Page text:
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Interspinous implants to treat spinal stenosis

  • Motion Preserving Spine Surgery (C Kepler, section editor)
  • Published:
Current Reviews in Musculoskeletal Medicine Aims and scope Submit manuscript


Purpose of review

Lumbar spinal stenosis has historically been treated with open decompressive surgery which is associated with significant morbidity and may give rise to various complications. Interspinous spacers (ISS) have been developed as a less invasive strategy which may serve to avoid many of these risks. The two current spacers that are FDA approved and commercially available are the Coflex and Superion devices. The goal is to review these two implants, their indications, and patient selection.

Recent findings

The Coflex device has been shown to be analogous to decompression and fusion when treating moderate spinal stenosis. It provides dynamic stability after a decompression is performed, without the rigidity of pedicle-screw instrumentation. Recent results show improved outcomes in Coflex patients at 3 years of follow-up, as compared to decompression and fusion.

The Superion implant is placed percutaneously in the interspinous space with minimal disruption of spinal anatomy. When compared to the X-Stop device (which is no longer available), the Superion implant shows improved outcomes at 3 years of follow-up.


ISS are lesser invasive options as compared to formal decompression and fusion for the treatment of lumbar spinal stenosis.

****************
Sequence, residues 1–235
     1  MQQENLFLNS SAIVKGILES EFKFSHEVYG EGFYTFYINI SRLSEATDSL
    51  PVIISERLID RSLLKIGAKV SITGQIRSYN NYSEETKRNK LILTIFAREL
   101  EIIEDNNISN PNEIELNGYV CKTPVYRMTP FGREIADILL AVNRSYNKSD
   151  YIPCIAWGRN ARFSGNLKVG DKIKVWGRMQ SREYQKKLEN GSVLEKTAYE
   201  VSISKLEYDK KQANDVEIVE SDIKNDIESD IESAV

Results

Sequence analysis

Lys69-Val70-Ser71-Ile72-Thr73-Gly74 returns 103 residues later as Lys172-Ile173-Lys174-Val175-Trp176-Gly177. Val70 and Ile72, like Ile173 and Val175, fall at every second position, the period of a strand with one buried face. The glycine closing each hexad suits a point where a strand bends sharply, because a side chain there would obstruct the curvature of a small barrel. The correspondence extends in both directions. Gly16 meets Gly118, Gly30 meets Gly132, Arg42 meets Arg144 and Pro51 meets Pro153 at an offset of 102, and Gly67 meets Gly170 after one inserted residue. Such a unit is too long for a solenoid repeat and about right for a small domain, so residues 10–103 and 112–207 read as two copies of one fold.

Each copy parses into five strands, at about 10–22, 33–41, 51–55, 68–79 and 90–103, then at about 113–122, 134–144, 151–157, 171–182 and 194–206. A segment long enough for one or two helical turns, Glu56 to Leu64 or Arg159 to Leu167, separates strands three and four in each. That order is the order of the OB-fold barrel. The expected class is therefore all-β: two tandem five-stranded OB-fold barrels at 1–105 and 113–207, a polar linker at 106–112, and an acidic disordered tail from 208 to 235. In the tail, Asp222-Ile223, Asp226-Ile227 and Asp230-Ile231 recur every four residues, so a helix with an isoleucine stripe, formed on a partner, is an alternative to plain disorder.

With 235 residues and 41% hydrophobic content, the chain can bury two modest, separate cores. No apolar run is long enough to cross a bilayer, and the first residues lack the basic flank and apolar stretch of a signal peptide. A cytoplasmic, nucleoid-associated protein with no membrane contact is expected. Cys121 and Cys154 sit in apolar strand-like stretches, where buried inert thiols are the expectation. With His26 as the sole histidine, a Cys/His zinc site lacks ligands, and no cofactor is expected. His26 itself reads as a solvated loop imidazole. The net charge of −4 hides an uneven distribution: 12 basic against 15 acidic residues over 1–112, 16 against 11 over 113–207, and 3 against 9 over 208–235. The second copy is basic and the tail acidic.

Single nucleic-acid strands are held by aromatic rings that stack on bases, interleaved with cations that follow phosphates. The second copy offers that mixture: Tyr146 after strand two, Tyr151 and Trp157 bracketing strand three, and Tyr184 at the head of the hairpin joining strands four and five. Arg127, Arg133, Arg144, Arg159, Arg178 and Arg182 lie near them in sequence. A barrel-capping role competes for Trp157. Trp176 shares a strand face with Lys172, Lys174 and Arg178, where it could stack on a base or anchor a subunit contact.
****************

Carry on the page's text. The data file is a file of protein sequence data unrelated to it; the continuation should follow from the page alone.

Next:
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Papers of particular interest, published recently, have been highlighted as: • Of importance•• Of major importance

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Correspondence to Raj J. Gala.

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Conflict of interest

Peter G. Whang reports personal fees from Paradigm Spine and institutional support from Vertiflex during the conduct of study.

Raj J. Gala and Glenn S. Russo declare that they have no conflict of interest.

Human and animal rights and informed consent

This article does not contain any studies with human or animal subjects performed by any of the authors.

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This article is part of the Topical Collection on Motion Preserving Spine Surgery

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Gala, R.J., Russo, G.S. & Whang, P.G. Interspinous implants to treat spinal stenosis. Curr Rev Musculoskelet Med 10, 182–188 (2017).

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